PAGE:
Urinary tract health in cats
The most common condition results in inflammation of the bladder (cat cystitis) and, in male cats, similar symptoms accompanied with an obstruction of the urethra (the tube from the bladder to the outside). This condition, known as idiopathic cat cystitis, is unfortunately both common and complex and, as symptoms can be medical and/or behavioural, you won’t always know exactly what’s triggered it.
Potential causes of feline urinary problems
Idiopathic cat cystitis
Idiopathic cat cystitis, the most common type of FLUTD, causes an inflammation in the bladder. Concentrated urine (common in cats), stress and damage to the lining of the bladder are all thought to contribute to the problem. Although both male and female cats can get cat cystitis, tom cats have a narrower and longer urethra which can become blocked by leaked proteins and blood - this is a life-threatening complication which means the cat physically cannot urinate.
Bladder stones are a less common problem in cats, but will cause similar symptoms to cat cystitis and can also cause a blockage of the urethra.
If your cat has been in an accident, or was born was with any physical problems, then any resulting damage to their bladder or urethra could cause lower urinary tract problems.
Bacterial infection is a more unusual cause of Feline Lower Urinary Tract Disease in cats with no other health problems, although some cats with conditions like diabetes or kidney disease are generally more prone to infection.
Age or weight-related problems
FLUTD is most frequently found in middle-aged, overweight cats that live a sedentary indoor life and only use a litter tray.
Signs of urinary problems in cats
Signs to look out for in your cat include:
- Going in and out of their litter tray repeatedly.
- Straining to go to the toilet.
- Pain when urinating (usually characterised by crying out when going to the toilet).
- Licking their genital area a lot more than usual.
- Blood in their urine.
- Producing little or no urine after straining.
- Loss of bladder control (although this is rare).
As Feline Lower Urinary Tract Disease can be a very serious and life-threatening condition, particularly in male cats, see your vet straight away if you spot any of the above signs.
Diagnosing cat cystitis
Once your vet has run a few tests to rule out other causes, they’re most likely to diagnose your cat’s condition as idiopathic cat cystitis. They may still do blood tests, just to make sure your cat doesn’t have any underlying problems (e.g. with their kidneys) and take a urine sample. If further confirmation is needed, your vet may want to take x-rays and use an ultrasound to get a clearer picture of your cat’s bladder and urethra.
Treating feline urinary problems
Feline Lower Urinary Tract Disease (FLUTD), and particularly idiopathic cat cystitis, can be tricky to treat and takes lots of patience and time, as well as possible help from a feline veterinary specialist or behaviourist, but the good news is that with veterinary help, many cats with urinary problems go on to have normal and happy lives.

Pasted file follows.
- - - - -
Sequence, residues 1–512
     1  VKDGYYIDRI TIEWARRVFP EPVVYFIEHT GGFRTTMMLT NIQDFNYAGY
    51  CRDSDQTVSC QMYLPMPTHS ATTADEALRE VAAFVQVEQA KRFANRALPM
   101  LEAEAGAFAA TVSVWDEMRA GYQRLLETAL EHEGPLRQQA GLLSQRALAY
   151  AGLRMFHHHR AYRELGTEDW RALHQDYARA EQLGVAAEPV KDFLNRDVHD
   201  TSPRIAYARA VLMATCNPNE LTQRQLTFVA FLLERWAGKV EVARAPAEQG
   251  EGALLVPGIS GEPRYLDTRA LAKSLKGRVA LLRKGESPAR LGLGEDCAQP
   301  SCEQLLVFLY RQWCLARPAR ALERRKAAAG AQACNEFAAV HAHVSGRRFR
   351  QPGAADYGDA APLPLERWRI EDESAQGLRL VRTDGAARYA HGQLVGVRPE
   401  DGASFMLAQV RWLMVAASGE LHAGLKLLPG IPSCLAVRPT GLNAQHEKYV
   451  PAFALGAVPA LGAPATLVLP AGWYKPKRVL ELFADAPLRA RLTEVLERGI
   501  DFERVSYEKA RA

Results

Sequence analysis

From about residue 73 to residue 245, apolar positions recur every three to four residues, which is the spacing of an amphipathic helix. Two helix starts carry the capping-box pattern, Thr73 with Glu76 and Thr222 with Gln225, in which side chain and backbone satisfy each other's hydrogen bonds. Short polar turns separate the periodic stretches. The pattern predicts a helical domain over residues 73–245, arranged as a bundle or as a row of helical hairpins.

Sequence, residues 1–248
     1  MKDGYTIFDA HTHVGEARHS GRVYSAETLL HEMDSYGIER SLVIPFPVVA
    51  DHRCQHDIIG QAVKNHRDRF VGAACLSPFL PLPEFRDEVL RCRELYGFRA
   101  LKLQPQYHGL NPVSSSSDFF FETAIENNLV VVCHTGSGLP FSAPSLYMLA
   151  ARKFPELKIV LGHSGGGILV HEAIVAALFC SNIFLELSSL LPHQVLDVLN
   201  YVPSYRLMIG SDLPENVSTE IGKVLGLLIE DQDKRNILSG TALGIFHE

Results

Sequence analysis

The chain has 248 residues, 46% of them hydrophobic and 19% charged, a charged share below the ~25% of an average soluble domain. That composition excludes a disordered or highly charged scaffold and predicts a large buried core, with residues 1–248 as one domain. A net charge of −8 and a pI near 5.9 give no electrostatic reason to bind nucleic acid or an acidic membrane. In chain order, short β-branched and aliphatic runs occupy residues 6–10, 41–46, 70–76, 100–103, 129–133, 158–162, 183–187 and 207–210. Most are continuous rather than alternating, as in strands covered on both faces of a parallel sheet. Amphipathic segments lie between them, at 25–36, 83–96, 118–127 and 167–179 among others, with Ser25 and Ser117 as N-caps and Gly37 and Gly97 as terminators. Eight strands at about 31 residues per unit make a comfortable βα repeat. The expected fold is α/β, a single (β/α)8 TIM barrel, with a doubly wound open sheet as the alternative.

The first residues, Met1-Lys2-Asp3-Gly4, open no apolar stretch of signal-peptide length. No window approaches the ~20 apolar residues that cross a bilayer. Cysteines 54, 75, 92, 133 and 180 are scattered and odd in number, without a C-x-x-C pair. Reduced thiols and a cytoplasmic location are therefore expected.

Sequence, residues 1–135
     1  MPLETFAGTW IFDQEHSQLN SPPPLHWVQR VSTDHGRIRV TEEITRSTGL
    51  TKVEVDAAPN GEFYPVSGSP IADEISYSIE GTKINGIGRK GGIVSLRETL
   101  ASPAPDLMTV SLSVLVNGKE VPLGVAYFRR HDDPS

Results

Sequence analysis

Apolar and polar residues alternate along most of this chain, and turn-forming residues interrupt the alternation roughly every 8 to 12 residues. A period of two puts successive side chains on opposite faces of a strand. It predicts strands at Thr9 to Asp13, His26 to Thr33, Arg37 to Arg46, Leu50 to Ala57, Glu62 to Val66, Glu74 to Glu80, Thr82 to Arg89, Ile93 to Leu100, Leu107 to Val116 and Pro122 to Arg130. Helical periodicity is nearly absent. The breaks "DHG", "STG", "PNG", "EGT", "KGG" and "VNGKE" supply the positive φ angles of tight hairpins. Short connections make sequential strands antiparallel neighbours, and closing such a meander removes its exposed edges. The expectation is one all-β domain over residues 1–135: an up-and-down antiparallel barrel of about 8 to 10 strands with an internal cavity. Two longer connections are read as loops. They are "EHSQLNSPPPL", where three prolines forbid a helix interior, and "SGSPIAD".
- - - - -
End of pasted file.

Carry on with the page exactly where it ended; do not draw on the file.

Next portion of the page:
Treatment for idiopathic cat cystitis usually takes the form of:
FLUTD is often quite uncomfortable for your cat, and as pain can also cause the urethra to narrow further, pain relief is often prescribed.
Some drugs can be used to relax the urethra in male cats to try and prevent or treat blockages. Medication may also be recommended by your vet to improve your cat’s bladder wall lining.
Stress is known to play a part in idiopathic cat cystitis so speak to your vet about anything that you think could be causing your cat stress, and how it can be avoided. Your vet might recommend speaking to a veterinary behaviourist or suggest synthetic pheromone treatments to help with any anxiety your cat might be feeling.
Reduction in the concentration of the urine
It’s extremely important that your cat eats a good PH balanced diet and drinks plenty of water. If your cat currently has a dry food diet, try switching them to wet food. If they’re already eating wet food, add a little water or give them ‘soups’ of tuna or chicken in plenty of water (without salt).
Increased water intake
Encourage your cat to drink more water by giving them plenty of sources of water, from cat water fountains to wide-brimmed bowls, in several locations inside and outside the house. Fill their water bowls right to the top so they don’t have to put their head deep into the bowl to drink.
If your cat has a blockage in their urethra, your vet will need to act quickly to remove the blockage and possibly place a catheter (tube) into the urethra to allow the urine to pass.
Bladder stones may need to be removed surgically and followed up, in some cases, with a diet change.
Whatever the cause of the cat urinary tract infection, your vet should soon be able to prescribe a treatment to get your pet to their usual vibrant, happy selves again.